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Georgetown’s Halcyon House Unveiled by Its New Owners at a Gala Dinner (Photos)

Ryuji Ueno and Sachiko Kuno hosted the party for their S&R Foundation’s annual awards.
Photographs by Carol Ross Joynt.

In 2011 there was much hubbub when biotech entrepreneurs Sachiko Kuno and Dr. Ryuji Ueno bought the two biggest and most expensive homes in Georgetown, Evermay (for $22 million) and Halcyon House (for $12.5 million). Were they his-and-her mansions for the rich founders of Bethesda-based Sucampo Pharmaceuticals? The answer is no; the couple remained in their Maryland home. So what happened with Halcyon, long one of the most popular DC rental spaces for weddings and other parties? They had big plans. The couple made over Evermay and Halcyon into the headquarters of their S&R Foundation, a nonprofit that supports the arts and artists in a variety of ways. On Saturday night they unveiled Halcyon, and its glamorous new ballroom, for their foundation’s annual awards gala.

The newness of it all was apparent, not only in the scents of fresh paint and carpeting but also in the oohs and ahhs of guests who poked around the large back lawn that overlooks the city and the Potomac River or who snuck downstairs to check out the revamped ballroom. That particular party room, the size of a basketball court, was a stunning sight, especially for those who remembered the garage-like space as the studio of the former owner, sculptor John Dreyfuss, who also leased it out for soirees. It’s nothing like a garage now. It has elegant columns, beautiful ceiling moldings, and rock-crystal chandeliers. On Saturday night, the floor-to-ceiling windows exposed a bright red Ferrari, too, parked outside to tempt auction bidders.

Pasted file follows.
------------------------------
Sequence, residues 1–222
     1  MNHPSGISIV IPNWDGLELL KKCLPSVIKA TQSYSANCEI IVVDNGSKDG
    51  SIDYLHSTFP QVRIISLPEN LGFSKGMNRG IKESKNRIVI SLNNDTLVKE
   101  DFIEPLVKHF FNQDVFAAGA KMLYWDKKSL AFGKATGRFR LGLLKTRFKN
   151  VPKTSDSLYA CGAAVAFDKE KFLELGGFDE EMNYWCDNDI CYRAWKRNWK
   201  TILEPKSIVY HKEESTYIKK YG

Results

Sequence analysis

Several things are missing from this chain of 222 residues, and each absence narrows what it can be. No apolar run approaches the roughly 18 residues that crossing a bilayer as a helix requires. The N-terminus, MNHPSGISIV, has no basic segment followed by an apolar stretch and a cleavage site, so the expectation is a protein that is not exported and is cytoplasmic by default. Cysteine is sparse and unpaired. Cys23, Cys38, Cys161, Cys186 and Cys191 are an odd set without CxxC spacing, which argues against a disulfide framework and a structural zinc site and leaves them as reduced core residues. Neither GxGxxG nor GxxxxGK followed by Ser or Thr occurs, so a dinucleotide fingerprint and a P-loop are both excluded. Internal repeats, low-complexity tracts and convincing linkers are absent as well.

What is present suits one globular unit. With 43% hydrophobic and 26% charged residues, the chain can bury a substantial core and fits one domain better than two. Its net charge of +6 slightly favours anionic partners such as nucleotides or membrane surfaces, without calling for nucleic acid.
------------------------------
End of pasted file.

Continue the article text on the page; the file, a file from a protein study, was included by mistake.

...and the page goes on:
Ueno and Kuno stood in the main entrance hall welcoming guests, which included their mothers, Toshiko Ueno and Yuko Kuno. Once the mothers arrived, the couple stayed respectfully near them until they were seated for dinner. Then Kuno moved from table to table, embracing friends and posing for photos, including with the Japanese ambassador, Kenichiro Sasae. She’ll be with him again on Saturday night, when Japan hosts the 2014 Opera Ball. Kuno is the co-chair.

When dinner began, Kuno took to the stage. “I’m so excited to be able to say this next sentence­—Welcome to Halcyon House,” she said to applause. “It’s hard to believe that renovation work at Halcyon House began in January. This included removal of load-bearing pillars in the center of this room. Work on the house will resume after tonight to finish the other spaces in time to welcome our first class of social entrepreneurs.”

From that moment on, the evening was about art on the stage, where four of the five award winners performed; on the plate, chef Eric Ziebold of CityZen designed dishes to complement the music; as well as the artful skills of an auctioneer who had six packages to sell, including a trip to a rare car auction in Carmel, California (thus the Ferrari come-on), and a private concert dinner at Evermay, with Ziebold doing the meal. In addition to the performances by the honorees, a pair of dancers from the Washington Ballet, Maki Onuki and Tamas Krizsa, performed a pas de deux from Swan Lake. The award winners were pianist Tanya Gabrielian, cellist Tim Park, guitarist Soichi Muraji, and Michael Djupstrom, a pianist and composer. Ryu Goto, a violinist, was out of the country.

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